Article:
The dances in the Peruvian Andean range derives mainly from the Quechua tradition and is dancing at the sound of the quena, charango and the zampoña.
The typical dances in the Peruavian Andean range are carried out throughout the year, in each celebration, but mainly in the patron saint festivities of a religious or carnival nature. Have you ever wondered how many Peruvian dances exist in the Andean range? What meaning does each one of them have? Discover in this article the most representative dances of the Peruvian highlands with Machu Picchu Peru Tours.
What are the typical dances in the Peruvian Andean Range?
1.- La Diablada
This dance is origined in Puno, it’s characterized by the mask that the dancers use as part of their clothing, in addition, they use a devil costume and in their interpretation they represent the confrontation between the forces of good and evil.
It’s an essence of pagan elements fused between the mestizo culture, the indigenous culture combined with the Christianity. They reach their maximum splendor in the festivities such as the Virgen de la Candelaria, being the symbol of the festival and whose dancers represent this epic fight personifying the Archangel San Miguel and the infernal hosts.
This dance is widespread throughout the Peruvian highlands, which has its own characteristics in each sector of the country (north, center and south). The northern version is more cheerful, the central one is more sentimental and the southern one is leisurely. The instruments used in the huayno are wind, string and percussion.
The Huayno is the Andean dance from which the other dances of the Peruvian start. For this reason, this typical dance of the Peruvian Andean range is danced during all the festivities of the Andean range and is characterized by its joyful steps.
3.- Sara Kutipay
It is a theatrical representation of the peasants of the Peruvian Andean range, while they work the land. Its name means “corn cultivation” and it is danced mainly in Ayacucho.
It is believed that the Sara Kutipay is the dance of solidarity, since it reflects the spirit of the Ayni (a value in the Inca Culture which means to be generous with the other), that is, the community work, cooperation and reciprocal solidarity that took place under the command of the Incas.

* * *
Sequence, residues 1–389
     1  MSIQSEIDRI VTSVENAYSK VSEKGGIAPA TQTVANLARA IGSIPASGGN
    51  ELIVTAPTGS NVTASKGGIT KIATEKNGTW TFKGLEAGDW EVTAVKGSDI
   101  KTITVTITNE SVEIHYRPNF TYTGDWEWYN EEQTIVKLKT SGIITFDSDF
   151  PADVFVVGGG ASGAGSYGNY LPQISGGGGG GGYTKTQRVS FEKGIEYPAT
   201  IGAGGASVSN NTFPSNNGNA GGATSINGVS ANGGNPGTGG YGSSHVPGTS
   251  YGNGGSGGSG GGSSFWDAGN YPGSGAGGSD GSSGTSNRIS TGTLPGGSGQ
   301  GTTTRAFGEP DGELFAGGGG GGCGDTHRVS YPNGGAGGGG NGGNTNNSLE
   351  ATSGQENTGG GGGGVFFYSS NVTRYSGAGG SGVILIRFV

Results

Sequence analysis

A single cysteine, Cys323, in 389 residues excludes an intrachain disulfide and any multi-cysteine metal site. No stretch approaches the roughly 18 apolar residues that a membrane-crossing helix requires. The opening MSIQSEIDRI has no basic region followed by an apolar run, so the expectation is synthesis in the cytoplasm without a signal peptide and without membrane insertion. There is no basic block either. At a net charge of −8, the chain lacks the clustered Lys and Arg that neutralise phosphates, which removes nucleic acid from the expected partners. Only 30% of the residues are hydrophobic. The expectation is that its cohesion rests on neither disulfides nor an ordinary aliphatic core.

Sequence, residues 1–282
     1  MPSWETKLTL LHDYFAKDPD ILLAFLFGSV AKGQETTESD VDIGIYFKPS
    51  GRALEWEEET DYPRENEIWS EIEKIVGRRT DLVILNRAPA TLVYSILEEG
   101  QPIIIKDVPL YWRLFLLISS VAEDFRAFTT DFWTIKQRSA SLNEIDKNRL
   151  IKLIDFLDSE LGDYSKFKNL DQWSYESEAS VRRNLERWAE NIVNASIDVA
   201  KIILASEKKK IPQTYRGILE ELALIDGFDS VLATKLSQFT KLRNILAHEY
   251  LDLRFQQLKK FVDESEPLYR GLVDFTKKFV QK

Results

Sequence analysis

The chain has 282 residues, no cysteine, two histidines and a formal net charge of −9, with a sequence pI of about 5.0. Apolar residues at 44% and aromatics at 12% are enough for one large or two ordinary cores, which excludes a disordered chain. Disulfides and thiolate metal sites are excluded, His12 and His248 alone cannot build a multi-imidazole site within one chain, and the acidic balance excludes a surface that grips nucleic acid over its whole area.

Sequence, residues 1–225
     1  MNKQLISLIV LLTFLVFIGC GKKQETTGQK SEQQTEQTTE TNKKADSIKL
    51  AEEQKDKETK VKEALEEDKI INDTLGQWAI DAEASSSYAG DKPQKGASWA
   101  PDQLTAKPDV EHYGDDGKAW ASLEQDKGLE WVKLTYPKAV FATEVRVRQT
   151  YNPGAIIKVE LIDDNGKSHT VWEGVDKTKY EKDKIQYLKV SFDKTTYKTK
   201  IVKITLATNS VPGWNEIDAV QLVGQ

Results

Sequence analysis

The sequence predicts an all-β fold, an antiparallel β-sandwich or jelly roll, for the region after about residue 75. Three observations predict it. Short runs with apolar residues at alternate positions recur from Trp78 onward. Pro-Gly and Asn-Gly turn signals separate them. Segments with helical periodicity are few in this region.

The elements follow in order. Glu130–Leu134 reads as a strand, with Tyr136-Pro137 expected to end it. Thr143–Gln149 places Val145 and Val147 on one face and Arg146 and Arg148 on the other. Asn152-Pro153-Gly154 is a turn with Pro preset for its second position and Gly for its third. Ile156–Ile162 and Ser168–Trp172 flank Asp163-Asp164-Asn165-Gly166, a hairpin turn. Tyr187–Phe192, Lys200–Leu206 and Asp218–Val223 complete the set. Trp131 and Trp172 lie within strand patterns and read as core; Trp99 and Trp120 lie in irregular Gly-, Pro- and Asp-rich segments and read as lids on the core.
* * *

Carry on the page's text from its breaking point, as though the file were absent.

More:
4.- Danza de las Tijeras
This dance is popular internationally, each dancer must hold a pair of scissors in their hands, while the percussion sounds to mark the steps. It’s believed that the use of scissors is due to the fact that the ancient Inca dancers were exploited in the mines by the Spanish conquerors, in this way, the idea of taking a pair of scissors in each hand to dance
The man who dances fulfills the role of “mediator” of the mother earth before the settlers, being the manager of the union between the two. This representative manifestation of the andeans of Peru has a lot of color and strength.
This dance is declared by UNESCO as Intangible Cultural Heritage of Humanity. It’s also typical of the Huanca ethnic group, which extends through the Mito region. It’s a ritual dance that has more than 15,000 years old and in which men dance imitating the flight movement of the condor.
This dance was declared Cultural Heritage of the Nation in 2011, it’s a very popular dance from the central Andean range of Peru, specifically from the district of Yauyos (Jauja), in which it is danced on the Festivity of the patron Saint Sebastián and Saint Fabián.
7.- Añu Tarpuy
The añu tarpuy is a dance-ritual in which they ask for better production and protection of the crops, especially the añu, which is sown between the months of May and June. This offering is typical of the department of Arequipa.
8.- Allpa Llankay
It is an agricultural dance performed in the Pachamama’s honor (the Pachamama was the Inca’s Culture: the Mother Earth). It’s typical dance of the department of Cusco and makes constant references to the typical farm work of that region of Peru.
It’s a dance that refers to the fighting troops in the past War with Chile. It’s characterized by its clothing and animal masks made with skin or cloth.
It’s a dance that remain the adoration to the Child Jesus, danced on Christmas day in the squares of Junín City and other neighboring towns.